Abu Bakker Qassim, a Uyghur from China, was dumped in Albania after the U.S. concluded he was not a terrorist, as Chinese authorities had maintained. The only country that wants him is China.
Members of the ethnic group, seen by China as potential extremists, are afraid they will be sent there as part of a deal for economic aid.
There are many reasons to fear a Chinese invasion of Taiwan. But the American pullout isn’t one of them.
The rare retractions come after several scientists raised questions about how Chinese researchers obtained the full consent of their Uyghur subjects.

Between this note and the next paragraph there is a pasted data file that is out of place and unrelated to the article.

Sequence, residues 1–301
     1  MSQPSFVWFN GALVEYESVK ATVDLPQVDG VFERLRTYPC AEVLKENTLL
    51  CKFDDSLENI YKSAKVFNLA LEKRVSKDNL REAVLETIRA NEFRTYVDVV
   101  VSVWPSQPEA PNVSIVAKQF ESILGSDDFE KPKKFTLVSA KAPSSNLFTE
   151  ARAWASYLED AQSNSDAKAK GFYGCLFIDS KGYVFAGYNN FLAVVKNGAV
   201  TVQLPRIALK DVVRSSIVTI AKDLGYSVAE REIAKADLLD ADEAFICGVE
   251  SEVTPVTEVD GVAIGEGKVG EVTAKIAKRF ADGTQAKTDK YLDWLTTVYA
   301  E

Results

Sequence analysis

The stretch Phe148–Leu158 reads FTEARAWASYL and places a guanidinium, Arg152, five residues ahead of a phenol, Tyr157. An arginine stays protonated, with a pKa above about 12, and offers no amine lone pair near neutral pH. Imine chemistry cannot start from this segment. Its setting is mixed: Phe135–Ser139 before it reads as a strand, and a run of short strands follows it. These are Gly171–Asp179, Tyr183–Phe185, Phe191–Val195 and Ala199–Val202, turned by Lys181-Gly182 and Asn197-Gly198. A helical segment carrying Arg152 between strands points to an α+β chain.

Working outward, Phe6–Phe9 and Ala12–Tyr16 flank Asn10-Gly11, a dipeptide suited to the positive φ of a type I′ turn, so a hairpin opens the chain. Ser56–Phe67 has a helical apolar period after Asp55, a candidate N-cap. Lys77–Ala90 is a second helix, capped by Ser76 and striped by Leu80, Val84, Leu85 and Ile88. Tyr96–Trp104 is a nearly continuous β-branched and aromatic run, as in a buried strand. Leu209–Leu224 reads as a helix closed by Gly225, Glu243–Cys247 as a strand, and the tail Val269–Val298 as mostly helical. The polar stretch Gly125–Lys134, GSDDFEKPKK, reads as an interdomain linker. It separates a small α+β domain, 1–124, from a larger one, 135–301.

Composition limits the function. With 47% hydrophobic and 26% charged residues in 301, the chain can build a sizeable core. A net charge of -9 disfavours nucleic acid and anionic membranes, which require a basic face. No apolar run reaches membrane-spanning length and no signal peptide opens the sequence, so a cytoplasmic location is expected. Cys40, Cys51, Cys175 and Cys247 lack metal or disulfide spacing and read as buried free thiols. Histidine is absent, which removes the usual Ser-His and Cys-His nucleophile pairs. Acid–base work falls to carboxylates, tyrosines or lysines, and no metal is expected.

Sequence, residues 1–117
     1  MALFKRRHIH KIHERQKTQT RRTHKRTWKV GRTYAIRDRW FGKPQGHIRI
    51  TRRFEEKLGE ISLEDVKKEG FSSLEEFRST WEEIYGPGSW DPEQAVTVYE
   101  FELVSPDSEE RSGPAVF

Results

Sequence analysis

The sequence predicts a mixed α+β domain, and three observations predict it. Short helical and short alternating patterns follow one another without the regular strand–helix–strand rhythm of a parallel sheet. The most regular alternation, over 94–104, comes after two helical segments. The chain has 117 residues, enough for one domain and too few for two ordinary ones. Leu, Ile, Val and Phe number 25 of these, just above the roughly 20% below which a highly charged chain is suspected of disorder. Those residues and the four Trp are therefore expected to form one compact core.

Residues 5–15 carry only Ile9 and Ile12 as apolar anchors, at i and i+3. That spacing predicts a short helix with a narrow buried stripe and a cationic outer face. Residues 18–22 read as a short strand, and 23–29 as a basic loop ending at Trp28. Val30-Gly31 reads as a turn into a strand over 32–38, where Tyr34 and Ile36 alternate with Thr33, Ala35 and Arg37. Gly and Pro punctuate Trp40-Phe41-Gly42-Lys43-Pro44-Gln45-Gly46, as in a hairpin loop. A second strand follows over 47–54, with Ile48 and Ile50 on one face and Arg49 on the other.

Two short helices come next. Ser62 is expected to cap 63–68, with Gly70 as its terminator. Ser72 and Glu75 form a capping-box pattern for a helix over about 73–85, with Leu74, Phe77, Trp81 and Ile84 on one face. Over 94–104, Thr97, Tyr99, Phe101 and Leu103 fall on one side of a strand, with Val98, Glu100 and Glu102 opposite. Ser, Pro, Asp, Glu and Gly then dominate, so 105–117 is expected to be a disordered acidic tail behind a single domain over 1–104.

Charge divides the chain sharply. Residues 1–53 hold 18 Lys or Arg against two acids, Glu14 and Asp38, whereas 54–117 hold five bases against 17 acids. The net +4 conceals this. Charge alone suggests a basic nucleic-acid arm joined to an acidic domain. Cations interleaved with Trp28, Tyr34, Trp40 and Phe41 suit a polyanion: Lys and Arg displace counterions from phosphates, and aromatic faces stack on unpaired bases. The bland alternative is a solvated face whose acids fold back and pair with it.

Much of the world’s polysilicon, used to make solar panels, comes from Xinjiang, where the United States has accused China of committing genocide through its repression of Uyghurs.
If we say Xi Jinping is committing genocide, can we do nothing?
The U.S. government has long tried to prevent the sales over concerns about rights abuses and surveillance. Documents show those efforts have failed.
President Biden’s vow to work with China on issues like climate change is clashing with his promise to defend human rights.
Online platforms that stream dance, singing and comedy shows are pixelating performers’ T-shirts and sneakers amid a nationalistic fervor.
The Olympiad gives us leverage. Let’s use it.
Chinese rivals to Western names have improved quality and marketing. Now the country’s defiance could give them an edge with young patriots.